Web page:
It has been indorsed by the Legislature of the noble old Congress of the Crittenden Compromise; but a larger number of electors of the United States than any they produce no proof to sustain their asser- proposition that was ever before Congress. I believe in tion. On the other hand, we have as high tes jority of the people of my State-ay, sir, and of nearly timony as could be desired or needed, to show jority of the people of my State-ay, sir, and of nearly that had the Crittenden Compromise been the State of Mississippi left this Chamber, I heard one of adopted in season, it would have saved the them, who now assumes, at least, to be President of the country from civil war.

Southern Confederacy, propose to accept it and to maintain

the Union if that proposition could receive the vote it ought Senator Douglas, on the 3d of January, 1861 to receive from the other side of the Chamber. Therefore, speaking of his own plan of adjustment, which of all your propositions, of all your amendments, knowing he had introduced into the Senate, said: (See as I do, and knowing that the historian will write it down,

at any time before the 1st of January, a two-thirds vote Appendix Con. Globe, 1860, 1861, page 41.)... for the Crịttenden Resolutions in this Chamber would have

saved every State in the Union but South Carolina." "I believe this (his own plan] to be a fair basis of amicable adjustment. If you of the Republican side are not Mr. Pugh said that in the presence and in willing to accept this, nor the proposition of the Senator the hearing of Republican Senators, and no are willing to do. I address the inquiry to the Prepublia Douglas was present and followed Mr. Pugh

one denied the truth of his assertion. Mr. few days ago, every member from the South, includiug in a speech, remarking: (Page 1391.) those from the cotton States, (Messrs. Toombs and Davis,) expressed their readiness to accept the proposition of my "The Senator has said that if the Crittenden Proposition venerable friend from Kentucky, Mr. Crittenden, as a could have passed early in the session, it would have saved FINAL SETTLEMENT of the controversy, if tendered and sus- all the States except South Carolina. I firmly believe it tained by the Republican members. Hence, THE SOLE RE- would. While the Crittenden Proposition was not in acSPONSIBILITY of our disagreement and the ONLY DIFFICULTY cordance with my cherished views, I avowed my readiness in the way of an AMICABLE ADJUSTMENT is with the REPUB- and eagerness to accept it, in order to save the Union, if LICAN PARTY."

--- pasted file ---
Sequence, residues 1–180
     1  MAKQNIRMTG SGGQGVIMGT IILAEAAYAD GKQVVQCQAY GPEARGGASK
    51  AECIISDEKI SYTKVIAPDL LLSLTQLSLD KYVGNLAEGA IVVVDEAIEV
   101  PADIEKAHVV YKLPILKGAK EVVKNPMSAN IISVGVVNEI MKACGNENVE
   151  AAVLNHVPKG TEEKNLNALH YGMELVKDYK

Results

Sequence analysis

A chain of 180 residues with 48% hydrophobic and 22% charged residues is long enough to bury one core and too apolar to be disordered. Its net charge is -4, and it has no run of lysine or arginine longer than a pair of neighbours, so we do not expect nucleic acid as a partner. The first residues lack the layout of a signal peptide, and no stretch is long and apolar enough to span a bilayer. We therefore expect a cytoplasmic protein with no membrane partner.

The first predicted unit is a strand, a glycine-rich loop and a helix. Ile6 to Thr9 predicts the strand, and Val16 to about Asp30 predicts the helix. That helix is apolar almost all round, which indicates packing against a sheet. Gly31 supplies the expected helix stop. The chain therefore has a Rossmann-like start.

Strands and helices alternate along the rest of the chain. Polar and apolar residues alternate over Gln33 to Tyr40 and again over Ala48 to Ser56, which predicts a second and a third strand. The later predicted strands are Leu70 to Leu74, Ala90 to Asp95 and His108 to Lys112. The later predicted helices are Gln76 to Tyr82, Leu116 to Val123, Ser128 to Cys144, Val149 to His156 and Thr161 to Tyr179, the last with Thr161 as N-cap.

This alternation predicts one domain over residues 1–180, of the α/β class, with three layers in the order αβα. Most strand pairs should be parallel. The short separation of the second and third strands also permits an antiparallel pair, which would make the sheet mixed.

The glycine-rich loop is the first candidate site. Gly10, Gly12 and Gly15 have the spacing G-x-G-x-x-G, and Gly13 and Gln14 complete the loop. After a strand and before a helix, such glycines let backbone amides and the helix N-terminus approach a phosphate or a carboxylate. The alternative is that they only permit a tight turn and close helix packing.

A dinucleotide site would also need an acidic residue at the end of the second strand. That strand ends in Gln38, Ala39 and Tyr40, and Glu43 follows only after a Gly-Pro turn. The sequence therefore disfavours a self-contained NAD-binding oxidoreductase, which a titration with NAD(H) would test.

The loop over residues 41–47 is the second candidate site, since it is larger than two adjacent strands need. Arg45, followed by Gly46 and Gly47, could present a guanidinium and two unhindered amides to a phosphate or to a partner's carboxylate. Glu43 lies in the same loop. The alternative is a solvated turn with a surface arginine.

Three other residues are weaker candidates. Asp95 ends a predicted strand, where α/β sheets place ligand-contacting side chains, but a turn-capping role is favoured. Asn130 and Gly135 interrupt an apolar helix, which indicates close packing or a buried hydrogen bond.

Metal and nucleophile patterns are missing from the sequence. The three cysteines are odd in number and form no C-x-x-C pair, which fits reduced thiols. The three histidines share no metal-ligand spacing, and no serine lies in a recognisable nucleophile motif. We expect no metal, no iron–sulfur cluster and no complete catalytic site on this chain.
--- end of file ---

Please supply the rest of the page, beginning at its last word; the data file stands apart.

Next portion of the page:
we could unite upon it. No man has labored harder than

I to get it passed. I can confirm the Senator's declaràWhen Mr. Douglas made that speech, he tion, that Senator Davis himself, when on the Committee made it in presence and in the hearing of Jeff.

of Thirteen, was ready, at all times, to compromise on the Davis and Toombs, and other Southern Sena- 1 Mr. Toombs was also."

Crittenden Proposition, I will go further, and say that

"MY DEAR SIR:

receive this.

[ocr errors]
[ocr errors]

The pros

We think nothing could be more conclusive any that would be acceptable to the South.than that testimony, unless the actual experi- They wanted a disruption of the Union, and ment itself, by the adoption of the plan itself civil war, in order to overthrow slavery. The and à trial under it, which the Republican testimony of Mr. Douglas on that point is overmembers would not permit Senator Critten- whelming. In a letter to S.S. Hayes, Esq., of den's opinion as to the effect the adoption of Illinois, he said: his plan would have had, was expressed by him,

“WASHINGTON, December 29, 1860. in a letter to Larz Anderson, Esq., of Cincin

You will have receivnati, dated Frankfort, March 27, 1861, in

ed my proposed amendments to the Constitution before you which he said:

The South would take my proposition if the

Republicans would agree to it. But the extreme North “Those resolutions were proposed in the true spirit of and South hold off, and are precipitating the country into compromise, aad with the hope of preserving or restoring revolution and civil war. to the country peace and union. They were the result of

"While I can do no act which recognizes or countenances the joint labors of, and consultation with friends, having the doctrine of secession, my policy is peace, and I will not the same object in view; and I believe if those measures consider the question of war until every effort has been thus offered had been, at a suitable time, proniptly adopt- made for peace, and all hope shall have vanished. . When ed by the Congress of the United States, it would have that time coñes, if unfortunately it shall come, I will then checked the progress of the rebellion and revolution and do what it becomes an American Senator to do on the then SAVED THE UNION."

state of facts. Many of the Republican leaders desire a